It took less than two minutes for Petty Officer Electrical Technician Nathan Smith to be submitted by his opponent in his first Brazilian jiu jitsu (BJJ) competition.
But that didn’t deter him from getting back on the mat.
“The guy I lost to went on to win the competition and I took a bit of solace knowing that,” Petty Officer Smith said.
He had been interested in the sport for many years but wasn’t able to fit it into his work schedule till he posted ashore last year.
This led to his first competition at the Australian Jiu Jitsu National Championship in August.
“Nerves got the better of me in my first bout,” Petty Officer Smith said.
Apart from the physical aspect, Petty Officer Smith enjoys the mental challenge, saying
a strong mind was more important than physical strength – like a physical chess game.
“A smaller, weaker person can beat a stronger, more physically dominant individual,” he said.
“There is so much to learn in regards to what can and can’t be done, and you’re forever thinking.
“It’s an ongoing game of who can remain one step ahead of the other person.”
With his young daughters also learning the sport, he sees many benefits.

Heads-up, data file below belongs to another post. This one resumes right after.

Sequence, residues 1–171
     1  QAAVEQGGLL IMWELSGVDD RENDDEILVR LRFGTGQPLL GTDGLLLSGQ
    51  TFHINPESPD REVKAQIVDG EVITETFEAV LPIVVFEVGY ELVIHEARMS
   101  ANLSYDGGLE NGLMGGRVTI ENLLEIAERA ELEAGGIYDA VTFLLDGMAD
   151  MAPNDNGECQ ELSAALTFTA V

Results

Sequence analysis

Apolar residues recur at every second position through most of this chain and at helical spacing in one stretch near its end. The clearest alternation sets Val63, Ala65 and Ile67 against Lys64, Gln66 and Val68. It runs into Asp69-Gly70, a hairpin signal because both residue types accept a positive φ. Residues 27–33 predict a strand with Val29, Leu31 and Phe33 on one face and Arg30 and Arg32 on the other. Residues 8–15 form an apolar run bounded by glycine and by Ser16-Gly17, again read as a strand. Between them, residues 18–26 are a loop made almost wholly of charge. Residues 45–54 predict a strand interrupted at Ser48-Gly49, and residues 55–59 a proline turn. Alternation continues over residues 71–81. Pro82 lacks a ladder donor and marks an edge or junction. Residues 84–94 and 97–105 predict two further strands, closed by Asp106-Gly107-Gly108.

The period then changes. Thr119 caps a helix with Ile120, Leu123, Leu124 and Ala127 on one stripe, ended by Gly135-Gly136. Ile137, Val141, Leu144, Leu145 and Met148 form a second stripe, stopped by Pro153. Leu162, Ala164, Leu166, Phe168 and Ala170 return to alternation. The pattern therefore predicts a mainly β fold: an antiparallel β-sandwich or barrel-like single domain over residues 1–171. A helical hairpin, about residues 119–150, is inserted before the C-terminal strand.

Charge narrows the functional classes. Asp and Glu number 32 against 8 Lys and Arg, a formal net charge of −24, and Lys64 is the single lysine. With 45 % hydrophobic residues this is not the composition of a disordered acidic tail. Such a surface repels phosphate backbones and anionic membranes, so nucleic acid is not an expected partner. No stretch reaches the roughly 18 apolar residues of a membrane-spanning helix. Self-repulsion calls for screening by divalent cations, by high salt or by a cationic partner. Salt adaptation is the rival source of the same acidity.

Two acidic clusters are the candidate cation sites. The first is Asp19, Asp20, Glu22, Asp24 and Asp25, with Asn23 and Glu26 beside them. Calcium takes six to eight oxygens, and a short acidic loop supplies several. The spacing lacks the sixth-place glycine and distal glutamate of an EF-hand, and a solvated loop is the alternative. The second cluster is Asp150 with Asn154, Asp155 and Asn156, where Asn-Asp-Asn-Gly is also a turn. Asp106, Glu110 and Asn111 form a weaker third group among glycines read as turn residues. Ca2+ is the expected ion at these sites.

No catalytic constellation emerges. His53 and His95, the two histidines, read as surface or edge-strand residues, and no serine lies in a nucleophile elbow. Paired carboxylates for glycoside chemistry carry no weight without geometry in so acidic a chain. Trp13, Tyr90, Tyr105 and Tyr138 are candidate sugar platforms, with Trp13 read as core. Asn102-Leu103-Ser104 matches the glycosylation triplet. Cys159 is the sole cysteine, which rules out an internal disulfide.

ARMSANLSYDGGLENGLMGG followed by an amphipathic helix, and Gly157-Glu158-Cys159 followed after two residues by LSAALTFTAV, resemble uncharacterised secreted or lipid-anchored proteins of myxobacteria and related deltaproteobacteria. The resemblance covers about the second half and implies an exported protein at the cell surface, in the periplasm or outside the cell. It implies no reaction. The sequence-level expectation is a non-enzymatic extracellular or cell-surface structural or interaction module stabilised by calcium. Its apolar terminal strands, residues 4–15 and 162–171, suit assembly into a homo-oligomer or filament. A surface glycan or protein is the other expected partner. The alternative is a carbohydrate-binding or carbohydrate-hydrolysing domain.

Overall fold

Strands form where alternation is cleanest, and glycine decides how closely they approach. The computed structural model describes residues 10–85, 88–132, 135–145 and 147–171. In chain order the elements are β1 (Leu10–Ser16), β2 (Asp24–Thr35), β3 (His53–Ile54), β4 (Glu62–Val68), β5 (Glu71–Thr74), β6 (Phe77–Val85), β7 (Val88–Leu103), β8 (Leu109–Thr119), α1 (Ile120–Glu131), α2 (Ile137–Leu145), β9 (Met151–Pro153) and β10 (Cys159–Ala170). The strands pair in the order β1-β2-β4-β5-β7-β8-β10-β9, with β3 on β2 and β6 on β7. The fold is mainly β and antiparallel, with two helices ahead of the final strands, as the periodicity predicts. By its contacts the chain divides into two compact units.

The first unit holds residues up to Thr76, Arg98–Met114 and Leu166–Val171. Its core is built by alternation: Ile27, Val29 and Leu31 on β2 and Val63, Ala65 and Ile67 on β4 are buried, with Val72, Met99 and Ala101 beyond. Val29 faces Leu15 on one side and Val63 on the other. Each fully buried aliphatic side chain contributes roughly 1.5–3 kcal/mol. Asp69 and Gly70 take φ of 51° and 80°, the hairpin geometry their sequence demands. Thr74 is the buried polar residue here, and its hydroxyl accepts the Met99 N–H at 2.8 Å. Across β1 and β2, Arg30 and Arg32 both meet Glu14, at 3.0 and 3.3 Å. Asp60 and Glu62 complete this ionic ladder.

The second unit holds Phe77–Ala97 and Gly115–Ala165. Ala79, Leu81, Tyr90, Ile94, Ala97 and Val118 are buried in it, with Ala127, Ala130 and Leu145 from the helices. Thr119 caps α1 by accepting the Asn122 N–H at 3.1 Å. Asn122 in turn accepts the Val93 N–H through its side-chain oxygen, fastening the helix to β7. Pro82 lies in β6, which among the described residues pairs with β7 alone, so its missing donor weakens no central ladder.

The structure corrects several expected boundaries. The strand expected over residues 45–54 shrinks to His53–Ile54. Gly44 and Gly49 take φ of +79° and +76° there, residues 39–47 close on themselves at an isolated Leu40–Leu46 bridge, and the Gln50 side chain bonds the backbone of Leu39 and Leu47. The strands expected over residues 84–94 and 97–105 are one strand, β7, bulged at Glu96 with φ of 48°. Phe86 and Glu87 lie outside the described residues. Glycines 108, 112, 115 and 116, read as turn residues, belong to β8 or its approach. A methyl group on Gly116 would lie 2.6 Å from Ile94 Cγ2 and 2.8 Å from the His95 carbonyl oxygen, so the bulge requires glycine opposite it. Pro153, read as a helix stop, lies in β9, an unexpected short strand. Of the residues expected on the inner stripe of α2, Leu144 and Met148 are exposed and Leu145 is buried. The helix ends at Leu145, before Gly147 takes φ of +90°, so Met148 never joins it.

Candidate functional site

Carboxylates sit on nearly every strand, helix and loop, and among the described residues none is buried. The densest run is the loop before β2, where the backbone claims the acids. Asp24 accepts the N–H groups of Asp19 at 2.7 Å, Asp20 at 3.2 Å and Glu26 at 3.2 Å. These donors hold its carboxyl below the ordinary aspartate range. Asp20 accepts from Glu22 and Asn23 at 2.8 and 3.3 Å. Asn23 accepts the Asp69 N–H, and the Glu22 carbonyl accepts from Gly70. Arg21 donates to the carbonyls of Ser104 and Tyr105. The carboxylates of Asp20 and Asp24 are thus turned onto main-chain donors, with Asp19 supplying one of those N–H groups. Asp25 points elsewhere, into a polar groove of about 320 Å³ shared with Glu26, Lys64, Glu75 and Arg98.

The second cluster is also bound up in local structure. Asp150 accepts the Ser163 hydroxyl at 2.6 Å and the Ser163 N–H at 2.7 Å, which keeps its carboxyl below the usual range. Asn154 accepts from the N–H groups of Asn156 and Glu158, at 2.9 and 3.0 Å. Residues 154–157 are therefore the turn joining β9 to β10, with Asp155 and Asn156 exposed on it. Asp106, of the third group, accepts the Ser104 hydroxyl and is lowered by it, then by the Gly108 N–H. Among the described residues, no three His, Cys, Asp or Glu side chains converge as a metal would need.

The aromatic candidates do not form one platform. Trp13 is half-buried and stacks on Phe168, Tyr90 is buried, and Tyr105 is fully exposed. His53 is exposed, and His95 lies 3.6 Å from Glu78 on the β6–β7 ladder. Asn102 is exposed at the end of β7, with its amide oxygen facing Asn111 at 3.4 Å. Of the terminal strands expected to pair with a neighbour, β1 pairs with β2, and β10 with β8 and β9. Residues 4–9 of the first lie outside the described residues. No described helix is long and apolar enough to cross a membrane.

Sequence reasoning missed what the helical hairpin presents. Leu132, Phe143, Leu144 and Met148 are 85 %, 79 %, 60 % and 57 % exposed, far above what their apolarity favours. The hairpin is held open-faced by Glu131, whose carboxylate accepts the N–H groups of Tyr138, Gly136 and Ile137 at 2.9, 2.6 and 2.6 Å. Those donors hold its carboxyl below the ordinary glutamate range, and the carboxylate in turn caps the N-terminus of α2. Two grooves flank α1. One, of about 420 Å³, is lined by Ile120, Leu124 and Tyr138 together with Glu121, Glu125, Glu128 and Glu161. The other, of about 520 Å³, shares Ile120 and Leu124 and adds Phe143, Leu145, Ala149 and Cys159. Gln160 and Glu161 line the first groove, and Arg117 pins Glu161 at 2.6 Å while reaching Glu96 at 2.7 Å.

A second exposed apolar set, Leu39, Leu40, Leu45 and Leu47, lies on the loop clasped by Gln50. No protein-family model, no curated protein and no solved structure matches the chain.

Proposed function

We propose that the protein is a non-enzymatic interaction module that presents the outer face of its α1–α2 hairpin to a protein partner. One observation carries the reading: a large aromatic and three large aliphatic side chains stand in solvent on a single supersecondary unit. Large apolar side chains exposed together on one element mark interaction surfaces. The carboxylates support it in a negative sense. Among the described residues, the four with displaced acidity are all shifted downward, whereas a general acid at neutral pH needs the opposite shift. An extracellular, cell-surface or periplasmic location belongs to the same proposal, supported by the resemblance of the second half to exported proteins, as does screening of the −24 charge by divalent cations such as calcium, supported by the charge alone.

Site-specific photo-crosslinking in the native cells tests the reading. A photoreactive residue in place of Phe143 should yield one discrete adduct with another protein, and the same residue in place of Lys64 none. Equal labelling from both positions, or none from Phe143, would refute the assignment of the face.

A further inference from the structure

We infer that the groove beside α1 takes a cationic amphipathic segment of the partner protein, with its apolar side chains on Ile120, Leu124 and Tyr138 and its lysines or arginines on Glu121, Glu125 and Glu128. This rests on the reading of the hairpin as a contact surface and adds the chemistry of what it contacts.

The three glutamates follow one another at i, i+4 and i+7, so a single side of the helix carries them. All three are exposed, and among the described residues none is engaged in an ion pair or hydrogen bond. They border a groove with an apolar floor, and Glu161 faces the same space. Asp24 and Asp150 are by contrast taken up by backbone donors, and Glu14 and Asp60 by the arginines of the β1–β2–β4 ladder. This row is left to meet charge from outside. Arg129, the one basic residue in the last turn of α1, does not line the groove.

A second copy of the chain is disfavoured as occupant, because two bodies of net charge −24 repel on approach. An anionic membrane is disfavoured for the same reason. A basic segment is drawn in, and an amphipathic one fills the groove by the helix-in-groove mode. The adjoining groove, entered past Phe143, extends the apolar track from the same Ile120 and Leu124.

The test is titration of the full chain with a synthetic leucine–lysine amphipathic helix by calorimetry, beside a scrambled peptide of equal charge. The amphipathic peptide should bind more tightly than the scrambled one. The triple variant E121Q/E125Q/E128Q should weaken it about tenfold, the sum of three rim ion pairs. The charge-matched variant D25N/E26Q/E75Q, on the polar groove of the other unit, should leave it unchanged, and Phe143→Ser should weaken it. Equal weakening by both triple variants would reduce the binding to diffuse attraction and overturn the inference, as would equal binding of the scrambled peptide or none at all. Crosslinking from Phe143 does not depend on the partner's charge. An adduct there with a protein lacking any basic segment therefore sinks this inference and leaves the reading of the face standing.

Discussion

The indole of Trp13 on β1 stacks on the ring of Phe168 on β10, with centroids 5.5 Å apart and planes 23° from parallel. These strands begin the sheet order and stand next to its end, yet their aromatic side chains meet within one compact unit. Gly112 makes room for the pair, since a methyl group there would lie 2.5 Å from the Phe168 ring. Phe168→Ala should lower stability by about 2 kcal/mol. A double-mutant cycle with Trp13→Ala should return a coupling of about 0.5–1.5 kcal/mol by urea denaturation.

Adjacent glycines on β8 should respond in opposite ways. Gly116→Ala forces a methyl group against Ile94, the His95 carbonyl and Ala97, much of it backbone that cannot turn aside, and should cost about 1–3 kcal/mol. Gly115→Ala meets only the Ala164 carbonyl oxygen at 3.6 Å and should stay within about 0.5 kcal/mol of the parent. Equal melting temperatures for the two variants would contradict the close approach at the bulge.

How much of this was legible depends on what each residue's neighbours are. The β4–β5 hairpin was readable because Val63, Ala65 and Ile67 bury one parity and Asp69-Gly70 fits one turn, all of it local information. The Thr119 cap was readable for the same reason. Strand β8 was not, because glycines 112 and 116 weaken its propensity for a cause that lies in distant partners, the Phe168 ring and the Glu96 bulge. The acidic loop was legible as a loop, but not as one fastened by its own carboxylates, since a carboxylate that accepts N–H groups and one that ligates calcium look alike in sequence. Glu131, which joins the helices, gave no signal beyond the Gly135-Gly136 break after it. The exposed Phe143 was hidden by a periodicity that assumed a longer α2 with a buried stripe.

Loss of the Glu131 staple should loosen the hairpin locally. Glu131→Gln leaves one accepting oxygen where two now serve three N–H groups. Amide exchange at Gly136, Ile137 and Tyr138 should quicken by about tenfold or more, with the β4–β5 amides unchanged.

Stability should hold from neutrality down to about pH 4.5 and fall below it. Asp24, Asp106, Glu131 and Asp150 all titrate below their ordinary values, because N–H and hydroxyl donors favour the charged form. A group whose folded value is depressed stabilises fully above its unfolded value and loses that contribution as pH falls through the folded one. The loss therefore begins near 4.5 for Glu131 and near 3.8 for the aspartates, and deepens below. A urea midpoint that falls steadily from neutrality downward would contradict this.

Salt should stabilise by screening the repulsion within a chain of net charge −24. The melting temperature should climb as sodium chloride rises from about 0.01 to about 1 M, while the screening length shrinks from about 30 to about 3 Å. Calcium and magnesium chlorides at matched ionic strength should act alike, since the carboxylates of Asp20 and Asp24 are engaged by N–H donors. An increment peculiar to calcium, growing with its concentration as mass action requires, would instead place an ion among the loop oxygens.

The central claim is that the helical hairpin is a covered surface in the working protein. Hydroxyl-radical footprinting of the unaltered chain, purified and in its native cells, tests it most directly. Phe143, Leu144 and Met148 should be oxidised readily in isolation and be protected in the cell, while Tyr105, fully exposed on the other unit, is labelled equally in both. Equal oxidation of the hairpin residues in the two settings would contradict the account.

“You challenge yourself in many ways and build mental resilience that helps you outside of the sport,” Petty Officer Smith said.
“To be able to go to the gym and make relationships outside of work and have a normal conversation has been great.”
The martial art of BJJ focuses on wrestling, or throwing an opponent to the ground, then controlling and gaining a dominant position, which accrues points.
Following the setback in his first competition, Petty Officer Smith later placed first in the Gi division at the NSW BJJ Winter Cup as well as second in Gi and first in No-Gi at the Wollongong BJJ Open.
At the recent NSW BJJ Summer Cup, he narrowly lost in both finals and walked away with two silvers.
“I lost in the last three seconds in the Gi, and had even points in the No-Gi, which I lost by referee decision,” Petty Officer Smith said.
Along with more than 230 other Defence members, Petty Officer Smith receives financial support from the ADF Martial Arts Association to compete.
The association also supports grass-root level competition for members across nine recognised styles of martial arts combat sports.